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President Bush ordered the FBI to create a new National Security Service that will consolidate its counterterrorism and intelligence divisions.
The new FBI division will be responsible for collecting, processing, analyzing and disseminating national security intelligence in the FBI. Director of National Intelligence John Negroponte must sign off on the head of the service and will have control over its budget and coordination.
The new security division, the National Security Service, to be headed by a senior F.B.I. official, would include the bureau's counterterrorism and counterintelligence divisions, as well as its intelligence directorate, and that all would be "subject to the coordination and budget powers" of the new intelligence chief.
The change ordered by Mr. Bush will create a new, semi-autonomous service within a service, headed by a chief who will report both to Mr. Negroponte and the F.B.I. director, Robert S. Mueller.
While Mr. Negroponte would have control over the F.B.I.'s intelligence budget, [Attorney General] Gonzales said that intelligence officials "are not going to be directing law enforcement."
Other steps include the designation of new mission managers under Mr. Negroponte who will provide leadership on intelligence strategies aimed at high-profile targets, including Iran and North Korea. Another move will establish a center at the C.I.A. that will focus for the first time on the collection of open-source intelligence, a move that General Hayden said might ultimately reduce the need to steal secrets.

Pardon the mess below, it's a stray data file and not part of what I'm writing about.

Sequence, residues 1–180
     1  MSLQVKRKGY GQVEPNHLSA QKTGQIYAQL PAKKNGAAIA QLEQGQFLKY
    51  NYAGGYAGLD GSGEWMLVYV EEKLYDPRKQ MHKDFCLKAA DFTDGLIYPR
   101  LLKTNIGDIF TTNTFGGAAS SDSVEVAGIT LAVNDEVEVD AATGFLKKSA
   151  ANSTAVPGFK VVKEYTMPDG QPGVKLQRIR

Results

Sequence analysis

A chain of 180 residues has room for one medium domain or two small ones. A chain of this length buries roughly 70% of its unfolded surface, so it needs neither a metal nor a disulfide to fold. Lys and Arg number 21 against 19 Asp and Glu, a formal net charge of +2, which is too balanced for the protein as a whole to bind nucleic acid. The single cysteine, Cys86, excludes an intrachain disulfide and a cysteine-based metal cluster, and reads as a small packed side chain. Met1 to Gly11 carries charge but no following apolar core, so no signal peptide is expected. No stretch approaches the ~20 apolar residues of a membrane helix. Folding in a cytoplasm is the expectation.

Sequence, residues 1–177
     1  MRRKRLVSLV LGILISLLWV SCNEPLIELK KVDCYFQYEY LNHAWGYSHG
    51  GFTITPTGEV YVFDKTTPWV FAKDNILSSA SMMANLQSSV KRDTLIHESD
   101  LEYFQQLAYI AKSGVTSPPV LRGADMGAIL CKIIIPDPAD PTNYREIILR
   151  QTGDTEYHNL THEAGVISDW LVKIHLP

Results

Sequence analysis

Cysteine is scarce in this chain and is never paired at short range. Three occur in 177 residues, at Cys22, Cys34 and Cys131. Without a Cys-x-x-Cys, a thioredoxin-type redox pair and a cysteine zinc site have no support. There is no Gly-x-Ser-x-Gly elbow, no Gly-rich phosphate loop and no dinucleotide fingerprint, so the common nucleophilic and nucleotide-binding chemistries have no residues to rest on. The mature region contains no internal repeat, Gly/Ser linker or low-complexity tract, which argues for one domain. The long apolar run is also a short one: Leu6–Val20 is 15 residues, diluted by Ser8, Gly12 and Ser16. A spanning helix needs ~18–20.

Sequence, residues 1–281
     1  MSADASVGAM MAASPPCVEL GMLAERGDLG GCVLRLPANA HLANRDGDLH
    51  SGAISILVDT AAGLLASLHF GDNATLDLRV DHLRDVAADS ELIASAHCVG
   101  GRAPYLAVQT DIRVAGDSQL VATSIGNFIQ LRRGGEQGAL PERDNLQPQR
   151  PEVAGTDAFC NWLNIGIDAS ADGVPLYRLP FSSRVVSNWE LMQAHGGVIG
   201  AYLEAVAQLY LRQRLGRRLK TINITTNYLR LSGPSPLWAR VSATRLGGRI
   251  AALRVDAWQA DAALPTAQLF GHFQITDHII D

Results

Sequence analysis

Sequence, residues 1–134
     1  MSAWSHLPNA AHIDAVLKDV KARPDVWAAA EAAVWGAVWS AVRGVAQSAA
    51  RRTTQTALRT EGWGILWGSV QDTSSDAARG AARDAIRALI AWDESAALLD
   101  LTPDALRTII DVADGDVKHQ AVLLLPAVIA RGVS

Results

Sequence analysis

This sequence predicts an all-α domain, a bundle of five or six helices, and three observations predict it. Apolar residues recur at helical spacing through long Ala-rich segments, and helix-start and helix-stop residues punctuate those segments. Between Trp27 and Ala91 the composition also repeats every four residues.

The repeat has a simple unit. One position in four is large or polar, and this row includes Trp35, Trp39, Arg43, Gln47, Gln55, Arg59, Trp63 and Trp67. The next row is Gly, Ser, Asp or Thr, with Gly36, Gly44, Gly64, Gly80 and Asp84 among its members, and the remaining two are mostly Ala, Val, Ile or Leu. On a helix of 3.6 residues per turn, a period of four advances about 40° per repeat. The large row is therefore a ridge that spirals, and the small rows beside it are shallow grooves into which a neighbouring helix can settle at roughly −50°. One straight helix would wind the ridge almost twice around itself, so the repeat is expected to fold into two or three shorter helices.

The White House also called for the creation of a National Counter Proliferation Center under Mr. Negroponte, to operate in parallel with the new National Counter Terrorism Center. The counterproliferation center would coordinate the government's collection and analysis of intelligence on nuclear, biological and chemical weapons, leading a task now scattered among many national security agencies.
[CIA director] Porter J. Goss, is subordinate to [DNI director] Negroponte.
The C.I.A. maintains its pre-eminence on issues related to human spying and covert operations.
The White House plan will leave the C.I.A. as the coordinator for human intelligence operations and create a new post there to try to head off conflicts between the agency and the Pentagon and the F.B.I., whose more aggressive human spying operations have begun to encroach on the C.I.A.'s traditional turf. The plan stopped short of embracing the commission's recommendation to create a human intelligence directorate, a step that C.I.A. officials had feared would undermine the authority of the agency's directorate of operations.